Everyone loves a freebie. A ‘buy one, get one free’ deal is great clickbait for marketers. Corporate matched donations for a giving day event or campaign are often marketed in the same way. Double your giving and impact by triggering corporate donations. We love to see corporates spending some of their profits on the community rather than shareholders, but like the showbags at the Melbourne Show, the gifts don’t always live up to the promise.
Giving day events have grown in popularity as a way to mobilise all audiences for a non-profit’s cause. Matched corporate donations for workplace giving are also popular amongst community minded staff. Do corporate matched donations add value and what are the pros and cons?
Who wouldn’t like a boost to revenues? The ‘double your impact’ hook can encourage regular donors and give them greater satisfaction than a normal gift. The combination of scarcity, urgency and a freebie can be very enticing. The corporate matched donations can also inspire participation from staff, customers and corporate networks. It’s a great way for corporates to demonstrate that they’re walking the talk, rather than just spending other people’s money. If the corporate donation is positioned as part of their authentic commitment to community, it can result in some positive PR and customer goodwill. Matched donations could also be used strategically to enhance staff engagement. Indeed, staff are usually the ones advocating to their corporates to provide matching donations for staff fundraising efforts and regular workplace giving, so it’s a great way to leverage your regular donor base for more impact.
Corporate matching donations can also be an easy point of entry for small to medium sized business partners. They may lack the resources of their bigger competitors but they often have a deeper relationship to the communities in which they operate. If the SMEs have limited budget, it’s a good way to get bigger impact for their chosen cause.
The main drawback for matched corporate donations is that they are often transactional, not relationship driven. The longer-term value of a corporate partnership is in growing the relationship, not settling for a series of one-off donations. With a deeper relationship comes trust collaboration and innovation- from which great financial commitment usually flows. Whilst a quick boost for revenue looks great for individual KPIs, it can come at the cost of a broader relationship. It’s hard to grow a relationship from a series of one-night stands and you may end up being exploited by corporates who just want some cheap PR.
Timing is another major issue. Corporate budget cycles vary and they may not sync with your plans for giving events. You need to plan a long time in advance, so don’t pressure a corporate partnership manager to come up with matching corporates for a giving event that’s only two months away. It’s a very one-sided approach; you’re simply offering some one-off marketing benefits in exchange for a donation. It doesn’t allow you time to get to know the corporate’s ambitions, priorities and pain points. It’s all about you, not them and you may burn bigger relationship opportunities in the process.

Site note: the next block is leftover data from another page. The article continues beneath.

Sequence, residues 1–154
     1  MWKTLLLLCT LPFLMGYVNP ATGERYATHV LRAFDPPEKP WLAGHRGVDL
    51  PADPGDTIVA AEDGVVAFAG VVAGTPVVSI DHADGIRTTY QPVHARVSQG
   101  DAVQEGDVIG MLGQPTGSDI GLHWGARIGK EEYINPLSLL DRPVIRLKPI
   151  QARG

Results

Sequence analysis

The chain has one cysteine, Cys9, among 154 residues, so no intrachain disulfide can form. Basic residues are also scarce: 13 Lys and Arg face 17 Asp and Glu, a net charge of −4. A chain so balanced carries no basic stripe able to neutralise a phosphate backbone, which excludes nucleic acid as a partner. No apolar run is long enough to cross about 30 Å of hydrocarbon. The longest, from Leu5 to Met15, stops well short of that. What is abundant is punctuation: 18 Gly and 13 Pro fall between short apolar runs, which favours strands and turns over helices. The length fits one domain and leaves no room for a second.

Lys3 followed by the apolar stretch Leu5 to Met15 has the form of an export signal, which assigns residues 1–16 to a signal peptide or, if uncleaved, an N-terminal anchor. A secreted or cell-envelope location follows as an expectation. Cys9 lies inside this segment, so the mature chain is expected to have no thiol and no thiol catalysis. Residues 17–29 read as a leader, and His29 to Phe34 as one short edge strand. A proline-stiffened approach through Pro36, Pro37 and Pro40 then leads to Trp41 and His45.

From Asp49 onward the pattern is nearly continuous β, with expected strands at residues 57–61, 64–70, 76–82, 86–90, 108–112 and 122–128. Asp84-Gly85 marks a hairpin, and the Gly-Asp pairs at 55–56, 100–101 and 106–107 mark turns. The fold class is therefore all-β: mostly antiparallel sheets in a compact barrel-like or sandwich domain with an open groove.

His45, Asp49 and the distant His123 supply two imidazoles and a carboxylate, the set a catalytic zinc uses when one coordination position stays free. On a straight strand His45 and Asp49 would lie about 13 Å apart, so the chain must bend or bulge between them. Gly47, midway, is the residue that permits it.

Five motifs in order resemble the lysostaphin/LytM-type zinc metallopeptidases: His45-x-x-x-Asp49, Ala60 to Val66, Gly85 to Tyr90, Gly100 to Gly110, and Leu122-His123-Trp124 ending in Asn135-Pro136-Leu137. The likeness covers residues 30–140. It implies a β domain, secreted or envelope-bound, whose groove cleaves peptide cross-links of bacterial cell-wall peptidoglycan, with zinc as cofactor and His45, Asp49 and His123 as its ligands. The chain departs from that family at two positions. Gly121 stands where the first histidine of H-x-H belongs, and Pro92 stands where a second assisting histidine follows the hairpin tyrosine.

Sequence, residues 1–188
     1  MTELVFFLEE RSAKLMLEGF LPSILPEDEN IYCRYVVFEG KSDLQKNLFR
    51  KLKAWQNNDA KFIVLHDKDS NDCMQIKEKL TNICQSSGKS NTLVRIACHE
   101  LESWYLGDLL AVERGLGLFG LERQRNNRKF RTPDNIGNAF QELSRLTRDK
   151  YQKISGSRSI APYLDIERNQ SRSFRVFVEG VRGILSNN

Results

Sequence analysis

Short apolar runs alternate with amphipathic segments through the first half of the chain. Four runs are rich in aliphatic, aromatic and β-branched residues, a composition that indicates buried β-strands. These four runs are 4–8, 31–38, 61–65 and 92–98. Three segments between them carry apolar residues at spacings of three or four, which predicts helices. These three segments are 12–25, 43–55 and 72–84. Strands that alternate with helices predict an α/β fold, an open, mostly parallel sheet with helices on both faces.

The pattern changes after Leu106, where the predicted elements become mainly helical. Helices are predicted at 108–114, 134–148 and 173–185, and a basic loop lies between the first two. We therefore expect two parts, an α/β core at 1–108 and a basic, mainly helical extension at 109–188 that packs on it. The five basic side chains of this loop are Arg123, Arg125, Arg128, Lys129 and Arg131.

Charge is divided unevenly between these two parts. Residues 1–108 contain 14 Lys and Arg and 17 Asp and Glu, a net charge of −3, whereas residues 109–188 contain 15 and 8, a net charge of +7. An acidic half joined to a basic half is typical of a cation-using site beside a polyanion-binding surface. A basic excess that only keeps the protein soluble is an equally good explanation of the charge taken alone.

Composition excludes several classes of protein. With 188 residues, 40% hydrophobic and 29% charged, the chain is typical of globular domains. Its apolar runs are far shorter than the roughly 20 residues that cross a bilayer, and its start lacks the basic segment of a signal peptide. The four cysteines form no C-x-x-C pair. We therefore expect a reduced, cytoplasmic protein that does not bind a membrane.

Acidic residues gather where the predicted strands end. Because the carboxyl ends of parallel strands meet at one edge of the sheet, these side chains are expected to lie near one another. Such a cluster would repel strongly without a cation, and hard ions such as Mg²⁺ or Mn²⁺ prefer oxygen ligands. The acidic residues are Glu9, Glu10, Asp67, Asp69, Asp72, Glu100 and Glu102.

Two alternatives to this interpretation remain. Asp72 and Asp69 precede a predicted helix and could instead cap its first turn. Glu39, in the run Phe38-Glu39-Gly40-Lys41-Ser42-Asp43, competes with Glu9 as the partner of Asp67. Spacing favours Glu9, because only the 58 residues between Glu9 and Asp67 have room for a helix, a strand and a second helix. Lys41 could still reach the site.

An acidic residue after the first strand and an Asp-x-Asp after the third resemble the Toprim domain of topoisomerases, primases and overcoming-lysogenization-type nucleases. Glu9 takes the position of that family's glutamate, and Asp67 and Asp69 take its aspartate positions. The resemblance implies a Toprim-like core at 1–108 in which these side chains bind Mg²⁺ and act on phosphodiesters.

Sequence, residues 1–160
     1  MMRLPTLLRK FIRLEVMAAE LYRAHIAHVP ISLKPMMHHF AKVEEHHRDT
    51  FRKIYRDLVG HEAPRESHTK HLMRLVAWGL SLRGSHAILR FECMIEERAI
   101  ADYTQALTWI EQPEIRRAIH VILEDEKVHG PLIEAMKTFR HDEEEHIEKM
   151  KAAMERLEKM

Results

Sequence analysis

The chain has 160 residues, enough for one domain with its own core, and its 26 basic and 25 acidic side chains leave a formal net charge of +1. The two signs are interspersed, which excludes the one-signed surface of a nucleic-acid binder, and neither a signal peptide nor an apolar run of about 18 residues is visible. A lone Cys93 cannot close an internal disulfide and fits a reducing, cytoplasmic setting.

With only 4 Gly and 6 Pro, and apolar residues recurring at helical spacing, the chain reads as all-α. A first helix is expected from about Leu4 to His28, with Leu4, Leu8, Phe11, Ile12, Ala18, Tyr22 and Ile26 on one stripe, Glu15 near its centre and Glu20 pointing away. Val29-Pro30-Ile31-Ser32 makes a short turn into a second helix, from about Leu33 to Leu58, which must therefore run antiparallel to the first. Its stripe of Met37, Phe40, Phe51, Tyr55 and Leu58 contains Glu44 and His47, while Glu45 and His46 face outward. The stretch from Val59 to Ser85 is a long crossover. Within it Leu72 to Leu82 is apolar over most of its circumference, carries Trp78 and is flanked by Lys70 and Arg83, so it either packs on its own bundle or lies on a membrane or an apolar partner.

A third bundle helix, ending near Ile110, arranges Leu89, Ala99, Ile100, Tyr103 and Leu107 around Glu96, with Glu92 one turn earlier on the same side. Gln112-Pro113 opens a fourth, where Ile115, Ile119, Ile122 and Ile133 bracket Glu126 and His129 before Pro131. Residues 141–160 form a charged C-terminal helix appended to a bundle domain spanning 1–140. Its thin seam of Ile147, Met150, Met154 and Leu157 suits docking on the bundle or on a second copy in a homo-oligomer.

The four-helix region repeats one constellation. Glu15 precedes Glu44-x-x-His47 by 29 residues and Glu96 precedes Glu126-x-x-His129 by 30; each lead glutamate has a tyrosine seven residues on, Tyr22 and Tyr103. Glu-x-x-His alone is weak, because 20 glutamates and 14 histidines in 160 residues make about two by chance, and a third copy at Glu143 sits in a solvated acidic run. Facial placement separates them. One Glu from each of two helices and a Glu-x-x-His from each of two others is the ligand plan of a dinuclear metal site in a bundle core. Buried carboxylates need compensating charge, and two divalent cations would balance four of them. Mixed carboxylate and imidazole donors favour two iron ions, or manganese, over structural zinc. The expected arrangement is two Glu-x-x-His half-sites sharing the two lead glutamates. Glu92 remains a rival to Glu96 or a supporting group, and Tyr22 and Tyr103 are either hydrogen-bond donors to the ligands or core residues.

The general public are increasingly sceptical about corporate donations and any whiff of tokenism can attract some adverse social media attention. Activists in Australia are targeting the big supermarkets for perceived profiteering during a cost-of-living crisis, and corporate donations are often criticised for not being generous enough. It may be valuable income for your non-profit, but a corporate can attract some negative publicity from a sceptical community.
In trying to attract matched corporate donations a non-profit can be tempted to offer a suite of benefits that are too generous. You need to watch the cost of delivering those benefits and whether they undermine what you’re offering to long standing corporate partners. If corporates can get away with a small donation for big benefits they’ll probably take the opportunity. But you won’t be able to upgrade them to a bigger partnership afterwards and you could create conflicts with other corporate relationships.
The final risk of matched donations, especially for a giving day event, is that a corporate will simply deduct them from the total budget they have set aside for you. Corporate budgets are not bottomless and they will likely factor in a donation and simply delay making it until the right time. Better to have the commitment up front in a more holistic partnership than wait for it to dribble through in small amounts across the year.
Corporate matched donations can be a valuable addition to a non-profit’s income, especially if they are matches for workplace giving or employee fundraising. This tends to be more regular and predictable and is an authentic demonstration of a corporate’s commitment to its employees.
Corporate matched donations for giving events can be problematic if they are left to the last minute, prevent you from growing a relationship or the business is simply exploiting you for some cheap goodwill. Treat them with caution and plan well in advance to choose your matching partners carefully. Like those brightly coloured showbags, you need to check the contents to see if you’re getting value for money.